It rose for them -- their honeymoon -- over the waters of a lake so famed as the scence of romantic raptures that they were rather proud of not having been afraid to choose it as the setting of their own.
They leaned on the sill in the darkness, and through the clouds, from which a few drops were already falling, the moon labouring upward, swam into a space of sky, cast her troubled glory on them, and was again hidden.
Susy Branch learned early that to thrive without money in a society driven by wealth one must dissemble, flatter and sometimes even drop one's moral guard in order to share a little of one's host's luxury and leisure. Nick Lansing has also learned and wearied of the same lesson. Despite the foolishness of their romance - for each should be seeking a partner of means - they decide to marry. By combining their skills they should be able to enjoy a year's invitations and happiness before they need to face reality. But love makes its own exacting demands and its costs can also be high...The Glimpses of the Moon, first published in 1922 and one of the most popular romantic novels of its time, is a witty and entertaining examination fo the moral deficiencies of the creed of materialism.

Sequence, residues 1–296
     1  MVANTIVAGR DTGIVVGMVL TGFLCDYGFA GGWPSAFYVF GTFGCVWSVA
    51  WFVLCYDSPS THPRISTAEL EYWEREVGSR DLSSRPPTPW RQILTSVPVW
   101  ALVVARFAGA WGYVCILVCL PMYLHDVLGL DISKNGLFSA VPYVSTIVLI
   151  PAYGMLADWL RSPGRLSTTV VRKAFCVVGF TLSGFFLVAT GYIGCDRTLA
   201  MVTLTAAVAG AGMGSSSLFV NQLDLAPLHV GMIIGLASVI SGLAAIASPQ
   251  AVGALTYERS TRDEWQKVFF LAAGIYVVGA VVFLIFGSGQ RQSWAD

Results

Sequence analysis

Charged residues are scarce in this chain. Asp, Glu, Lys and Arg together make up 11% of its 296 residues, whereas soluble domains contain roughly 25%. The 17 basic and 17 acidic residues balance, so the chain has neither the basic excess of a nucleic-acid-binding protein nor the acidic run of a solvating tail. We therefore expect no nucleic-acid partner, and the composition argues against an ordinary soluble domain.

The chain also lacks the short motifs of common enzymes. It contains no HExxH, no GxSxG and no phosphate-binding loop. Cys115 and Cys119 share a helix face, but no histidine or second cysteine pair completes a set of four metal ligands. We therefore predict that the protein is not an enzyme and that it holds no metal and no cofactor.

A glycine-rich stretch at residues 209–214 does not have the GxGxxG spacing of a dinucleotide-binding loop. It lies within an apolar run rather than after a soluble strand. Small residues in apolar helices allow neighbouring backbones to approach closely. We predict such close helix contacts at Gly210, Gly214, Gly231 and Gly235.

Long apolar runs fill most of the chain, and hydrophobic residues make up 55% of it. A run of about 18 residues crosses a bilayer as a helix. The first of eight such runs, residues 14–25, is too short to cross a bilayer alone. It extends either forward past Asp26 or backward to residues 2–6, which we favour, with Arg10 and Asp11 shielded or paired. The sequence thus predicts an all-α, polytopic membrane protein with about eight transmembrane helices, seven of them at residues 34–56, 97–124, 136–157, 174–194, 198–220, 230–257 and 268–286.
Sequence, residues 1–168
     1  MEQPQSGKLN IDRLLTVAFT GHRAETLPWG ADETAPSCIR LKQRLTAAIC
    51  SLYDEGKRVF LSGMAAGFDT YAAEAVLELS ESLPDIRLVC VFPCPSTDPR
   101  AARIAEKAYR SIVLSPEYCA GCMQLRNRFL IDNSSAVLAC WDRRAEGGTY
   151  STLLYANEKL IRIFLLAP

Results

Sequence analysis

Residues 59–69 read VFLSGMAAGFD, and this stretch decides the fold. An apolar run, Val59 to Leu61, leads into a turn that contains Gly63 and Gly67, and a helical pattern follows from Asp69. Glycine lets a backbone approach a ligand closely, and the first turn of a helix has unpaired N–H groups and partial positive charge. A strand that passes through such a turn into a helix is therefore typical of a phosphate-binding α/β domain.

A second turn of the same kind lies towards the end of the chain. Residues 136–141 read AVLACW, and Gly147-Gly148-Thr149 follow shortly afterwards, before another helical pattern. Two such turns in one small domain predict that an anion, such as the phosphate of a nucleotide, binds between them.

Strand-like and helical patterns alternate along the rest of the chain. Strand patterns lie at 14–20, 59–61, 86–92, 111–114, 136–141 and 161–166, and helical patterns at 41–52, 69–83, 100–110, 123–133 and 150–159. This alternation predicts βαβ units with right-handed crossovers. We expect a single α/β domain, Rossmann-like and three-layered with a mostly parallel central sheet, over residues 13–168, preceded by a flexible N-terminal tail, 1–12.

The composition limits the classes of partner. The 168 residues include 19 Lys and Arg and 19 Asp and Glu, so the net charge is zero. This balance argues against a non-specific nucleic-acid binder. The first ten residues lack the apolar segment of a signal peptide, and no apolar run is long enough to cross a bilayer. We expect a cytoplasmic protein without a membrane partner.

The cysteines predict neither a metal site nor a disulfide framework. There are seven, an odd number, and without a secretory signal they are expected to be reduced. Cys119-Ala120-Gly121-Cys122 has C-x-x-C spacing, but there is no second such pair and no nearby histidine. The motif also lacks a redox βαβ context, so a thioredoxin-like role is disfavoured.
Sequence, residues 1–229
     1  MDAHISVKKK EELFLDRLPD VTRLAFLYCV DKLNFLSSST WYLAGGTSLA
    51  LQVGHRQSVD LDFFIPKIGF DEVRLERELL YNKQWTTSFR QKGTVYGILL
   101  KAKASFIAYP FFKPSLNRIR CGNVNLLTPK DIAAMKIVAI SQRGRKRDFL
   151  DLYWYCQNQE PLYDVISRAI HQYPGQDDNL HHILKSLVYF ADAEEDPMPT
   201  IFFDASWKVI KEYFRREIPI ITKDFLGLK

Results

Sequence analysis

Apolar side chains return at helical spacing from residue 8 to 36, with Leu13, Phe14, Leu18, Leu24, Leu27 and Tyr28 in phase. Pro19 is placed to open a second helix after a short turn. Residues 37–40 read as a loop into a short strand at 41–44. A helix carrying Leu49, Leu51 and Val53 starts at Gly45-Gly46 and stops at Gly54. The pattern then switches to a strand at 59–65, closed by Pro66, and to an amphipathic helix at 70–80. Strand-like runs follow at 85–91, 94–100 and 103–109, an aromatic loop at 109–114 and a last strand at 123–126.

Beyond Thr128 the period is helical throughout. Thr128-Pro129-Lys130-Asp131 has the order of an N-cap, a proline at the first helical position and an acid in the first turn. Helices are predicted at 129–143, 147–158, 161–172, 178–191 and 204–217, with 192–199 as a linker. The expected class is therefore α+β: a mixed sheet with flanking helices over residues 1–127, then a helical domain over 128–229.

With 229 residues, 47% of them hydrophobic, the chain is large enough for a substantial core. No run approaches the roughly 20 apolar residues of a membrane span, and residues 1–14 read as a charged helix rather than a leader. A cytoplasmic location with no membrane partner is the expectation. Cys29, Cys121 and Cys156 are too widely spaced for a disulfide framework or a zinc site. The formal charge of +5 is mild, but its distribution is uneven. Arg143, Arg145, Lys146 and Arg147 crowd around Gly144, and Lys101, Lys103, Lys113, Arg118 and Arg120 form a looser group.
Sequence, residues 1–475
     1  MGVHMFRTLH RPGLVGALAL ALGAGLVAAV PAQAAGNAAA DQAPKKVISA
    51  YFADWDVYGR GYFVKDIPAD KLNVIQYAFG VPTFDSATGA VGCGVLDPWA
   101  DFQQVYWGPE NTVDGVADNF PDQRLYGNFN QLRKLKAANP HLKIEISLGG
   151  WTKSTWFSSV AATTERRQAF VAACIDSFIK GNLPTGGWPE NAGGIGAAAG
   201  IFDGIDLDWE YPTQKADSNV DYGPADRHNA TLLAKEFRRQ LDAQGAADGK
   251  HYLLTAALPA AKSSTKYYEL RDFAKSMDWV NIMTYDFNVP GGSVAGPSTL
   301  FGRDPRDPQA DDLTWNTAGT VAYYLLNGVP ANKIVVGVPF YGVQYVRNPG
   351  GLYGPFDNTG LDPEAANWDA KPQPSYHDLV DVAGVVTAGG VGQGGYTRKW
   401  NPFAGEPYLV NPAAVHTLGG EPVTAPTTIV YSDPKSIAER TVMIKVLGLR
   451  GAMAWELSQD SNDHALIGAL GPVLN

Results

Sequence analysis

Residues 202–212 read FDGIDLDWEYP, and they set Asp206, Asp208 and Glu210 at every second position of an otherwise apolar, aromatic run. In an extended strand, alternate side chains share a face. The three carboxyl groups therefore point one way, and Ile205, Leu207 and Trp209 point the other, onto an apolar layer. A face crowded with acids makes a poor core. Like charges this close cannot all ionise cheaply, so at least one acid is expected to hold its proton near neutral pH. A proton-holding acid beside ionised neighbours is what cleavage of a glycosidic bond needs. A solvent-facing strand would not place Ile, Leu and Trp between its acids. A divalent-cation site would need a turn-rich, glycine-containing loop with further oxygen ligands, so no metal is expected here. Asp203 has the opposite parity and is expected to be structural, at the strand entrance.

Set in the 1920s, The Glimpses of the Moon details the romantic misadventures of Nick Lansing and Susy Branch, a couple with the right connections but not much in the way of funds. They devise a shrewd bargain: they'll marry and spend a year or so sponging off their wealthy friends, honeymooning in their mansions and villas. As Susy explains, "We should really, in a way, help more than hamper each other. We both know the ropes so well; what one of us didn't see the other might -- in the way of opportunities, I mean." The other part of the plan states that if either one of them meets someone who can advance them socially, they're each free to dissolve the marriage. How their plan unfolds is a comedy of eros that will charm all fans of Wharton's work.
(retrieved from Amazon Thu, 12 Mar 2015 18:15:52 -0400)